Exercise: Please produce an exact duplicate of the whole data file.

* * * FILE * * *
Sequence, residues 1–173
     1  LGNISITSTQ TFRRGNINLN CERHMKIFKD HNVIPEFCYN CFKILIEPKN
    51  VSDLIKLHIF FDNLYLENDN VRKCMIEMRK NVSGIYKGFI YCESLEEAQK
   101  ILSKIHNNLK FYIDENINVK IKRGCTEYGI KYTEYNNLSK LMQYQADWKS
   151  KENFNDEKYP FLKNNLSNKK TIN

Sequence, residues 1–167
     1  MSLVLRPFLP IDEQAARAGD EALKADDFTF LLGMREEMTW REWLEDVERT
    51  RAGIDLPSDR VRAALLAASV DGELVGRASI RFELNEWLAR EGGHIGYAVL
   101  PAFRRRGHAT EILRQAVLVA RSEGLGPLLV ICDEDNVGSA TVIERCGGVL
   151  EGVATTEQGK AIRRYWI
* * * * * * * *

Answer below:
Sequence, residues 1–173
     1  LGNISITSTQ TFRRGNINLN CERHMKIFKD HNVIPEFCYN CFKILIEPKN
    51  VSDLIKLHIF FDNLYLENDN VRKCMIEMRK NVSGIYKGFI YCESLEEAQK
   101  ILSKIHNNLK FYIDENINVK IKRGCTEYGI KYTEYNNLSK LMQYQADWKS
   151  KENFNDEKYP FLKNNLSNKK TIN

Sequence, residues 1–167
     1  MSLVLRPFLP IDEQAARAGD EALKADDFTF LLGMREEMTW REWLEDVERT
    51  RAGIDLPSDR VRAALLAASV DGELVGRASI RFELNEWLAR EGGHIGYAVL
   101  PAFRRRGHAT EILRQAVLVA RSEGLGPLLV ICDEDNVGSA TVIERCGGVL
   151  EGVATTEQGK AIRRYWI